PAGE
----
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Publication numberUS2503751 A
Publication typeGrant
Publication dateApr 11, 1950
Filing dateSep 28, 1948
Priority dateSep 28, 1948
Publication numberUS 2503751 A, US 2503751A, US-A-2503751, US2503751 A, US2503751A
InventorsGeorge H Aklin, Fred E Altman, Litten Walter
Original AssigneeEastman Kodak Co
Export CitationBiBTeX, EndNote, RefMan
External Links: USPTO, USPTO Assignment, Espacenet
Photographic objective of the cooke triplet type
US 2503751 A
Abstract  available in
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Claims  available in
Description  (OCR text may contain errors)

Patented Apr. 11, 1950 dump" PHOTOGRAPHIC OBJECTIVE OF THE COOKE TRIPLET TYPE Walter Litten, George H. Aklin, and Fred E. Altman, Rochester, N. Y., assignors to Eastman Kodak Company, Rochester, N. Y., a corporation of New Jersey Application September 28, 1948, Serial No. 51,614

7 Claims.

, This invention relates to photographic objectives of the type consisting of three simple airspaced elements, namely a biconcave element between two positive elements, in which each positive element has its outer surface the more strongly curved. This type of lens is widely used and known as the Cooke triplet.

An object of the invention is to provide an improved triplet covering a moderate field and having. a large aperture and very small zonal spherical aberration.

An ancillary object of the invention is to provide a triplet which takes full advantage of the potentialities of the high-dispersion fluorosilicate glasses described in copending applications Serial No. 644,182 Sun, now Patent No. 2,481,701, issued September 13, 1949, and Serial No. 722,276 Osborn and De Paolis, filed January 15, 1947.

The triplet is a highly developed type of obiective and the general theory relating thereto is well known. The Petzval sum is corrected by reason of the fact that the negati e element is stronger than would be the case if the three lenses were in contact (the same equivalent focal length being maintained), and thus this element makes a larger negative Petzval contribution. The strong negative element introduces rather large zonal spherical aberration, which limits the maximum useful aperture. This is more serious in objectives with short overall len th than in lon er ob ectives. Conversely. the longer obiectives tend to vignette at the edges of the field and to have an inward curving ima e.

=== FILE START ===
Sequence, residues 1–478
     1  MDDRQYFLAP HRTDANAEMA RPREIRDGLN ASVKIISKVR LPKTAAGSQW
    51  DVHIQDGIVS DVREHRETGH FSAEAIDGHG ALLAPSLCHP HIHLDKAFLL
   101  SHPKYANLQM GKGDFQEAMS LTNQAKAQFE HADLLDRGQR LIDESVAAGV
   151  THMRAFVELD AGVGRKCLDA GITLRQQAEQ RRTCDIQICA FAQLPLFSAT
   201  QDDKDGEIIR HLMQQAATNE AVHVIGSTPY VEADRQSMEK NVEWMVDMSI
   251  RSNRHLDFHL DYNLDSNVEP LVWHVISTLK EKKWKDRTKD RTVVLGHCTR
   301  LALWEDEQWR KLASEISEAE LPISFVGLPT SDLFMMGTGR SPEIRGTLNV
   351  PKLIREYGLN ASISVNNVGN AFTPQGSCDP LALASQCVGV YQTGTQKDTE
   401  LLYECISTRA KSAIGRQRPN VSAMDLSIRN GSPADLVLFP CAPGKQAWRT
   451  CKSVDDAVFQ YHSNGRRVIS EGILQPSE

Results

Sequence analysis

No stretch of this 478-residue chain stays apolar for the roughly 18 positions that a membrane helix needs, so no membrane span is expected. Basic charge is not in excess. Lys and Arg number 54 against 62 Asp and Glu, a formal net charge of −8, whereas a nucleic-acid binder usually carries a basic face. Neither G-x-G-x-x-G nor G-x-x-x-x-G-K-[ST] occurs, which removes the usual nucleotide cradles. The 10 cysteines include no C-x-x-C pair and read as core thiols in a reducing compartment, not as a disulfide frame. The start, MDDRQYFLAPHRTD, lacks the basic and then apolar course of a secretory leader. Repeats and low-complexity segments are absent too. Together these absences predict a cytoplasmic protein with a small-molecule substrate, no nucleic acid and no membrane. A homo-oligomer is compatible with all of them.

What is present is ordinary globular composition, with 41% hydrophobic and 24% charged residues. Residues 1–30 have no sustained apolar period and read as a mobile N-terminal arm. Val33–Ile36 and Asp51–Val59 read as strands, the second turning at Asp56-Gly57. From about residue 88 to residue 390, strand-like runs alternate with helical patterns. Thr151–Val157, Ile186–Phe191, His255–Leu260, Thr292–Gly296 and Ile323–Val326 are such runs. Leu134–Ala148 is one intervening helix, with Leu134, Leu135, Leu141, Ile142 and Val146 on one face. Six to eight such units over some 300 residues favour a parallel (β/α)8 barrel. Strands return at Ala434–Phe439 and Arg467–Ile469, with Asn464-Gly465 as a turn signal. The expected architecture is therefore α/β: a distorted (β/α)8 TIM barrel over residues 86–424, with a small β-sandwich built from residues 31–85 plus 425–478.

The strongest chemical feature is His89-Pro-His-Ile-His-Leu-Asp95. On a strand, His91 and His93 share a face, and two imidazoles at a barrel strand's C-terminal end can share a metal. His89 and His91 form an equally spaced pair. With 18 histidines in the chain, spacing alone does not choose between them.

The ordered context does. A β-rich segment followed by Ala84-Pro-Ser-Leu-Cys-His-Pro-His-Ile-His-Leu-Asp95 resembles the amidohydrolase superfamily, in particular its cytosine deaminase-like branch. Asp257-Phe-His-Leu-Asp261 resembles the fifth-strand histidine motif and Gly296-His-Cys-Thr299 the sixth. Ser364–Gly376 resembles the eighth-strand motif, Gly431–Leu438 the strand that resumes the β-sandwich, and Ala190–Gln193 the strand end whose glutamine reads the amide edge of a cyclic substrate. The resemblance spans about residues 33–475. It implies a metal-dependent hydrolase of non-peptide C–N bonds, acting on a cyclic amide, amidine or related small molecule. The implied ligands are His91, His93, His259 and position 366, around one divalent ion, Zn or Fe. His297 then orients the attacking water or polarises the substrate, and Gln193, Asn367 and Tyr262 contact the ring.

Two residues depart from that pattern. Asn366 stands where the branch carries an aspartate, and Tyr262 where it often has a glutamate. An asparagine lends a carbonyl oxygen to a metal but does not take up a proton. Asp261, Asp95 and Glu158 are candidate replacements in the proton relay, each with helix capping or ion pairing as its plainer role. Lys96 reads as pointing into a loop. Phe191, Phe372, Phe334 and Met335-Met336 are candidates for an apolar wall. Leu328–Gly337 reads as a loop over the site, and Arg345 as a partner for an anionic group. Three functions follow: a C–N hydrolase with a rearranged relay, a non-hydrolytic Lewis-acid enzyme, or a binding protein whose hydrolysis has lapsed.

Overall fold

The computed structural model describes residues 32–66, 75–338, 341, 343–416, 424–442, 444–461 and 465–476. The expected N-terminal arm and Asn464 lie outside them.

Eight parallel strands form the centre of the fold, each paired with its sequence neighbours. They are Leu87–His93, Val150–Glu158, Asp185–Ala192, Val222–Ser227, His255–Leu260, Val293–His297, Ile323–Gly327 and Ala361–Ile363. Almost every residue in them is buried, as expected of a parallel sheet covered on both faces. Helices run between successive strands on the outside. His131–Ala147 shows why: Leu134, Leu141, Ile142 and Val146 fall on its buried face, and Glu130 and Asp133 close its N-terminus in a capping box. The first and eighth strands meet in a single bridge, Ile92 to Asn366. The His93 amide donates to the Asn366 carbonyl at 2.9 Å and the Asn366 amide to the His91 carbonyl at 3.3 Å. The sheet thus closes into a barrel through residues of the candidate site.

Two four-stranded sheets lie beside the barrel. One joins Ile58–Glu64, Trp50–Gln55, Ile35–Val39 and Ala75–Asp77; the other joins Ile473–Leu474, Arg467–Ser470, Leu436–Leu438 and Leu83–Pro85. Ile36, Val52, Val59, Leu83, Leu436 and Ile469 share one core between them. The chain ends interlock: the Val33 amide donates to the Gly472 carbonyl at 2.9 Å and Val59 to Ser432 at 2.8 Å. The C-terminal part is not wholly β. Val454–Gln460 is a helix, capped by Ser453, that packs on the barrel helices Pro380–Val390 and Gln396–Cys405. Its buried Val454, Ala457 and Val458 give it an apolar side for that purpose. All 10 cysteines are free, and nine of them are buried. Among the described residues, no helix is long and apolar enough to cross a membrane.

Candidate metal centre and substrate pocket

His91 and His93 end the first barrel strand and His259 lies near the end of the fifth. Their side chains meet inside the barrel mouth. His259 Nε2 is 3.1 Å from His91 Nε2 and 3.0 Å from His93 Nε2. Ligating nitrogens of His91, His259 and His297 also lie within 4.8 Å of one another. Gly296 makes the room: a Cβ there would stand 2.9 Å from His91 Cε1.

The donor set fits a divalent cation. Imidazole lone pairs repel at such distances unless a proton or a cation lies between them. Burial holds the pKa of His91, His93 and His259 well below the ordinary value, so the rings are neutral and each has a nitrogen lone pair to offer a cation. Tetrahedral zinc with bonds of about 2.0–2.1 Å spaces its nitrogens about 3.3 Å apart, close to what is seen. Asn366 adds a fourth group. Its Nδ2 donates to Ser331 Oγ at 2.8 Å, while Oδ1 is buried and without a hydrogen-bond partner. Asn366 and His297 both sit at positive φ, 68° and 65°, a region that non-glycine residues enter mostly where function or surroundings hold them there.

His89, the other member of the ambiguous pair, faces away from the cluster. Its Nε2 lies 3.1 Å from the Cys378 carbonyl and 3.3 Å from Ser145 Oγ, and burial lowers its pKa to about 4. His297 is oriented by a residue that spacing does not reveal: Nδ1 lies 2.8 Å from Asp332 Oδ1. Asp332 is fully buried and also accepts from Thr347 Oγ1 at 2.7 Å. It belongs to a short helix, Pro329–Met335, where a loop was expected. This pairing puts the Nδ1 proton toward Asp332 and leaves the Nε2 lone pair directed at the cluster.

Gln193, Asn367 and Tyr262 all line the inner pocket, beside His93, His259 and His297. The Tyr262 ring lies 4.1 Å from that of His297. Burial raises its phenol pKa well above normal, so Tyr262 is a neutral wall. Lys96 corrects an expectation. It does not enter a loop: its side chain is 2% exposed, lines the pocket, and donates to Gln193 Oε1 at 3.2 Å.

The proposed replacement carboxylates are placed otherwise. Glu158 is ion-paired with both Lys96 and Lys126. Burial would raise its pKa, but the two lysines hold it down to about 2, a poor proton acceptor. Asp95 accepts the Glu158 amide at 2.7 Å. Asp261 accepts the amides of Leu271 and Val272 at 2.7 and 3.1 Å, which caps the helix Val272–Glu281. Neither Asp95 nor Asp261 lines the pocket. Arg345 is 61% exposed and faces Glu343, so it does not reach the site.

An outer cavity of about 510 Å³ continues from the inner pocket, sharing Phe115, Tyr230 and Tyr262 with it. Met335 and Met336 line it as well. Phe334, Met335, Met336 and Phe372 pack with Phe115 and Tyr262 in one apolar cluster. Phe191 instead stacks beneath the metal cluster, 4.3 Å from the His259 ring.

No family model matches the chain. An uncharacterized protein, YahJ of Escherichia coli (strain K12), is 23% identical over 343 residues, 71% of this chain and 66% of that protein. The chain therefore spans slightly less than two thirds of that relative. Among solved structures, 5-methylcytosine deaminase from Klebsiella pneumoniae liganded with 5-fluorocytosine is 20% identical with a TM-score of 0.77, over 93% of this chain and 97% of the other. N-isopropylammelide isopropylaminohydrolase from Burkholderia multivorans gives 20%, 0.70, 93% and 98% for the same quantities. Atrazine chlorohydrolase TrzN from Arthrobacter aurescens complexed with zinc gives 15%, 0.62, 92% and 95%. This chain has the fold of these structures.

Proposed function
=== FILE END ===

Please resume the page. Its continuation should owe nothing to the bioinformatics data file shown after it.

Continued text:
Consequently. the best lenses of this type roughly follow the rule that the shorter ones cover a wider field and have a smaller aperture and the longer ones cover a smaller field and work at a larger aperture. Any change which increases either the field or the aperture without decreasing the other and without increasing the residual aberrations constitutes an improvement ove previous lenses.

According to the present invention, a Cooke triplet having a reduced zonal spherical aberration is constructed in which the refractive index of the negative element is less than the average refractive index of the two positive elements, the power of the negative element (com.- puted as the sum of the surface powers) is between 2.5/F and -2.86/F where F is the focal length of the objective, the thickness of the front positive element is greater than that of the rear element, and the front airspace is between 0.3 and 0.7 times the rear airspace. The color is corrected by the V-value of the negative element being between 0.5 and 0.62 times the average of the V-values of the two positive elements. Preferably the refractive index of the negative element is less than the average of the positive elements by more than 0.035.

These features in combination lead to superior correction of the spherical aberration, and are most valuable in objectives having an overall length between 0.4F and 0.8F and covering a moderate field of 15 or less from the axis. It is advantageous to have the average of the powers of the two positive elements between 1.5/F and 1.8/F and to have the shape of the negative element such that the radius of curvature of its rear surface is between 0.3 and 1.0 times that of its front surface. The thickness of the negative element is advantageously between about 0.045 and 0.12F, and the thicknesses of the positive elements should be between 0.051

and 0.281". The thicknesses of the elements have a surprising and hitherto unsuspected effect on the zonal aberration. Where the marginal aberration rays converge toward the axis within a positive element, thickening improvesthe zonal aberration, but where these marginal rays diverge within a positive element, then the element should be made as thin as manufacture ing economy permits. These rays always converge more strongly in the front component than in the rear, hence the front component is made thicker than the rear component. In a highly preferred form of the invention, an objective with an aperture of F/1.9 is made up in which the thickness of the front positive element is greater than 0.20 and the over-all length is greater than 0.651. In actual tests, an objective of this type compares favorably with four-element objectives" previously made.

In another preferred form of the invention, the thickness of the front element is more than twice the thickness of the rear element, and the rear airspace is more than twice the front airspace.